Synthesis of the Trifunctional Crosslinker
 Stage 1: A solution of 1.64 g (10 mmol) of 2-(chloromethyl)pyridine hydrochloride (1), 2.46 g (15 mmol) of sodium phenylsulfinate, 0.53 g (2 mmol) of tetrapropylammonium bromide and 1.52 g (10 mmol) of 1,8-diazabicyclo[5.4.0]undec-7-ene (DBU) in 10 ml of acetonitrile is stirred under reflux for 12 hours. Then all of the volatile constituents such as the solvent are removed under reduced pressure and the residue is dissolved in a little methylene chloride. The solution is extracted by shaking with sodium chloride solution, dried over magnesium sulphate and filtered and the solvent is removed under reduced pressure. The crude product (2) is obtained in quantitative amounts as a white solid and is used without further purification in the second stage.
Stage 2 (4-((pyridine-2-carbonothioylthio)methyl)benzoic acid hydrochloride) (3a):
 A mixture of 1.9 g (8.51 mmol) of Stage 1 (2) and 0.78 g (24.3 mmol) of sulphur is stirred in 10 ml of tetrahydrofuran (THF) using a magnetic stirrer in a 50 ml round-bottom flask. Following addition of 2.72 g (24.3 mmol) of potassium tert-butoxide, the solution becomes dark brown. The mixture is stirred at room temperature for a further 12 hours. Then 2.6 g (12.15 mmol) of 4-bromomethylbenzoic acid in 10 ml of THF are added slowly dropwise. The solution is stirred for a further 5 hours. During this time, the solution takes on a reddish pink coloration. The solution is extracted in dilute hydrochloric acid and purified by shaking with methylene chloride. The crude product (3) is purified, finally, by extraction with acetone.
 Stage 3 (5): 0.072 g (0.536 mmol) of 1,1,1-tris(hydroxylmethyl)propane (TMP (4)), 0.118 g (0.402 mmol) of 4-(dimethylamino)pryidinium 4-tosylate (DPTS) and 0.025 g (0.201 mmol) of dimethylaminopyridine (DMAP) are dissolved in 10 ml of methylene chloride. 0.581 g (2.01 mmol) of the product from Stage 2 (3) is dissolved in 3 ml of dimethylformamide (DMF) and added slowly dropwise to the solution. After 10 minutes of stirring, 0.622 g (3.01 mmol) of dicyclohexylcarbodiimide (DCC), in solution in 2 ml of dichloromethane, is added. The reaction solution is stirred at room temperature overnight. The product solution is filtered, volatile constituents are removed under reduced pressure, and the crude product (5) of Stage 3 is purified by column chromatography over silica with a mixture of hexane and ethyl acetate (volume ratio 6 to 4). The product (5) is obtained as a red solid. Detection of the successful synthesis of the expected trifunctional crosslinker was carried out by means of 1H and 13C NMR spectroscopy and by means of ESI-MS measurements. The latter gave an average molar weight for the product, m/zexp, of 970.08 gmol-1. The theoretical molecular weight of the crosslinker, m/ztheor, is 970.12 gmol-1.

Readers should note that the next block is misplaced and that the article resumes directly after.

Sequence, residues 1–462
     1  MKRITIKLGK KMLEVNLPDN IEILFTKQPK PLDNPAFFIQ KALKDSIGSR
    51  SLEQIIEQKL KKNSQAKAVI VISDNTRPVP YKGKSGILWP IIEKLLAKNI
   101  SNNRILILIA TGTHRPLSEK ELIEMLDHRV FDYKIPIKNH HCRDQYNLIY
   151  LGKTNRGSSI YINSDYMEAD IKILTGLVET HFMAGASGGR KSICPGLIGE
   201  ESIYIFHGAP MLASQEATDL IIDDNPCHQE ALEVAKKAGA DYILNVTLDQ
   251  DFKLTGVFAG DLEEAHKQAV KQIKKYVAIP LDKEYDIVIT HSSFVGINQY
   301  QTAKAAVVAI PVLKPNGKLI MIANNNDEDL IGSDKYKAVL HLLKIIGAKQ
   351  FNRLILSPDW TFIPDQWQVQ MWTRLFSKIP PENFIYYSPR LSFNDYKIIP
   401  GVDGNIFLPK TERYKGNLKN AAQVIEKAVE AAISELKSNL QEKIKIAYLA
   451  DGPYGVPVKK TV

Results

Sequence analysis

Stage 1: Crosslinking reaction: PMMA-Cp2 from Example 2 and the trifunctional crosslinker from Example 3 are mixed in a molar ratio of 2 to 3 and dissolved in chloroform to give a solution which is 0.05 molar with respect to the polymer. 1.5 molar equivalents of trifluoroacetic acid (TFA) are added and the mixture is shaken at room temperature for 10 minutes. The solid formed is analysed immediately by GPC. The solvent is then removed together with excess crosslinker as far as possible by decanting.